(Updates with lawmaker comments starting in the sixth paragraph. See EXT4 for debt crisis news, GMEE for G-20 stories.)
Nov. 3 (Bloomberg) -- Germany’s best-selling Bild newspaper called for Greece to be ejected from the euro and demanded that Germans hold their own vote on dispatching financial aid, signaling growing exasperation in Europe’s largest economy.
“Take the euro away from the Greeks!” Bild said today on its front page after German Chancellor Angela Merkel and French President Nicolas Sarkozy raised the prospect of a splintered euro area for the first time. The leaders cut off financial aid to Greece until a December referendum they said will determine whether the country receives any more outside funds.
“We’ve had enough!” Bild said. “We’re spending hundreds of billions of euros to save the Greeks and now a referendum there should make clear whether they want to make savings at all. Now we want our own referendum: no more billions for the Greeks, Greece out of the euro!”
The stance of Germany’s most influential daily underscores the frustration in the biggest contributor to bailouts with Greek Prime Minister George Papandreou’s surprise decision to hold a popular vote, a move that sent markets tumbling.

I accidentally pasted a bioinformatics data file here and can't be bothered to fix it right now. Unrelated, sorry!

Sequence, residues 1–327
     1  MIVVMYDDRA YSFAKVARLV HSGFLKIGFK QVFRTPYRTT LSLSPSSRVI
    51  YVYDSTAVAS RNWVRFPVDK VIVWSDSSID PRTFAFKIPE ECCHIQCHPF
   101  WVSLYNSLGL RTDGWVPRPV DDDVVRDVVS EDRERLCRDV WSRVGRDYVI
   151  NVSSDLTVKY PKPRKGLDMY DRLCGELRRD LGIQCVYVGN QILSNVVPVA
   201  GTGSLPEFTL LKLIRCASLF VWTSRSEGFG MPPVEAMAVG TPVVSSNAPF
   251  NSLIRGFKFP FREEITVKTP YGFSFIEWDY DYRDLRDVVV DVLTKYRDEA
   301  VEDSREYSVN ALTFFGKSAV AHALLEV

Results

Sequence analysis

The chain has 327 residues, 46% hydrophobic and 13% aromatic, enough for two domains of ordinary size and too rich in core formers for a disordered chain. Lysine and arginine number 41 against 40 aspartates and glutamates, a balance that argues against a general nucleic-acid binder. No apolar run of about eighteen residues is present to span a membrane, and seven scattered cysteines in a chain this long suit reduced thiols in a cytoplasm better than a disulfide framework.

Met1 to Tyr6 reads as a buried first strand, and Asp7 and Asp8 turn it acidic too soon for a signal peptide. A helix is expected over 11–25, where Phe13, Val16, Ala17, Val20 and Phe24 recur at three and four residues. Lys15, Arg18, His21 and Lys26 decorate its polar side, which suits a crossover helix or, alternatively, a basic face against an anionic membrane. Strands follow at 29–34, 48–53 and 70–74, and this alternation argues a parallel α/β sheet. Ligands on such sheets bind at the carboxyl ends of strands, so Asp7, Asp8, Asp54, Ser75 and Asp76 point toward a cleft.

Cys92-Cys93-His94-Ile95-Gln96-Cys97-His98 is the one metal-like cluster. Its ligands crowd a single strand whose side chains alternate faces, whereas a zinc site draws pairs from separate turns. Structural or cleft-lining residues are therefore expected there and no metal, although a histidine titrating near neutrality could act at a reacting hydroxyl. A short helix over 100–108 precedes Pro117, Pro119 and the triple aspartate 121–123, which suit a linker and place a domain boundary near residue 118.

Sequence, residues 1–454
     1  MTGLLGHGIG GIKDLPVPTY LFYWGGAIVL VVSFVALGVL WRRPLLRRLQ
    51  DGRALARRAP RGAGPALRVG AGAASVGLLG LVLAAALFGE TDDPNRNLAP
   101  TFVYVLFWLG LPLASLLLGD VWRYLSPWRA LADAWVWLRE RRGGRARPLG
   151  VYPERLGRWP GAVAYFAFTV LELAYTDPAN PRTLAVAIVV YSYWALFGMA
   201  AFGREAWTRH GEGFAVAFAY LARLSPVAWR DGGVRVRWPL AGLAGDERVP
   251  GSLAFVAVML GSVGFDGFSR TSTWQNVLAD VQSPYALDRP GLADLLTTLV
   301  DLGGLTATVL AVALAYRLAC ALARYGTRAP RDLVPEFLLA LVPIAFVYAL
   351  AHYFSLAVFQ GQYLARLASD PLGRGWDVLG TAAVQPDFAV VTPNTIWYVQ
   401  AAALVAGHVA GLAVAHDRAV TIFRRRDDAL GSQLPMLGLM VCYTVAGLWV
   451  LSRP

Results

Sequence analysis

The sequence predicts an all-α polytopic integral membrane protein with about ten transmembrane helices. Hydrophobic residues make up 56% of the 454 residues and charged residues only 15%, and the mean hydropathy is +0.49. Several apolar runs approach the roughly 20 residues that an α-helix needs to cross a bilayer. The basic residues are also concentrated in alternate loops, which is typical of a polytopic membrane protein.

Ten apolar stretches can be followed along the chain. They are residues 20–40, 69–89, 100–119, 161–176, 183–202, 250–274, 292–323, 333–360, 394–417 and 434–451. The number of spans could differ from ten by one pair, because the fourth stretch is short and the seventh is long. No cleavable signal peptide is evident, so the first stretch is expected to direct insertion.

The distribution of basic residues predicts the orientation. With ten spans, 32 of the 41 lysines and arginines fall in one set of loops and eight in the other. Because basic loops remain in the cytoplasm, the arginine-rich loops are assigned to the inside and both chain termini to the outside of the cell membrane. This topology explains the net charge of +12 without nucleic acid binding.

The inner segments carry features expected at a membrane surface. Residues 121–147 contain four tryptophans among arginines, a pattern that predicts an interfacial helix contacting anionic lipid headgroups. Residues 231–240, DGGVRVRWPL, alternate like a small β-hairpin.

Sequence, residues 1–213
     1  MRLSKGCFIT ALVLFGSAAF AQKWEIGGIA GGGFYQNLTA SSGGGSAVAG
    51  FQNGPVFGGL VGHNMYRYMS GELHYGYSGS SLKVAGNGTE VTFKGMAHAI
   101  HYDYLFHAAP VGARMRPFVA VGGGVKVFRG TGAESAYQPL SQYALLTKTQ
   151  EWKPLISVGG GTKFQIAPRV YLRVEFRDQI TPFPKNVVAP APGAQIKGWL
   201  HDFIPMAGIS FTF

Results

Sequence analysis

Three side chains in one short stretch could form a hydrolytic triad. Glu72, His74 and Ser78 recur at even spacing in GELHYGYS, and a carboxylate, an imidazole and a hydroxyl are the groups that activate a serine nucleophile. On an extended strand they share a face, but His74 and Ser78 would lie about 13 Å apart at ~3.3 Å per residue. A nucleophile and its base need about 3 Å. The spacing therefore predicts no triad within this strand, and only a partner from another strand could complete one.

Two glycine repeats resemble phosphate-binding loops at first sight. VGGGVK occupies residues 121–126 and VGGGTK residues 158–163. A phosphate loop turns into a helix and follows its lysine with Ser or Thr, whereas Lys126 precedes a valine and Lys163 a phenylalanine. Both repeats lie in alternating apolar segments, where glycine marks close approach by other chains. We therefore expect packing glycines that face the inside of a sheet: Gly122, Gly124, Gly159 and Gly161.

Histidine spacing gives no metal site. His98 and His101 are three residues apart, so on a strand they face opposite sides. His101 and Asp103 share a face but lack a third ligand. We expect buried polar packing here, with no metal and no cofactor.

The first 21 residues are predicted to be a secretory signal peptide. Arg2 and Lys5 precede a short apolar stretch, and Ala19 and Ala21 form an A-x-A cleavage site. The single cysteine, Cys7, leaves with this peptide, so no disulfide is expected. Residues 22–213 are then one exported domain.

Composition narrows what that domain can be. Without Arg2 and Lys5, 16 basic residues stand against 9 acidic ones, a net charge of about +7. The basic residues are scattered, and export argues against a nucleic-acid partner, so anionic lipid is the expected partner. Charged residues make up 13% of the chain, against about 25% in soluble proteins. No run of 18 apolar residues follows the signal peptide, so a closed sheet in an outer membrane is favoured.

Germany and France led calls to make the referendum a vote on whether to stay in the euro or return to the Greek drachma. Sarkozy said Papandreou’s government won’t get a “single cent” of assistance if voters reject the plan.
Lawmakers Echo Bild
German lawmakers chimed in with sentiments similar to Bild on Greece’s position. Hermann Otto Solms, the deputy floor leader and finance spokesman of Merkel’s Free Democratic coalition partner, said the agreement cobbled together at last week’s European Union summit was the “last offer” for Greece.
“If the Greeks don’t agree to it, they’d be better off to go back to the drachma,” Solms said in a Twitter message.
Klaus-Peter Flosbach, a senior finance policy lawmaker in Merkel’s Christian Democratic Union, said that turmoil in Europe caused by Papandreou’s decision to hold a vote is “very much weighing on our readiness to help.”
Bild, owned by Axel Springer AG, printed a mocked-up ballot on its second page that included two options: “Yes, keep throwing money at them!” and “No, not another cent for bankrupt Greece, take the euro away!”
--Editors: Alan Crawford, Leon Mangasarian.
To contact the reporters on this story: Patrick Donahue in Berlin at firstname.lastname@example.org; Rainer Buergin in Berlin at email@example.com
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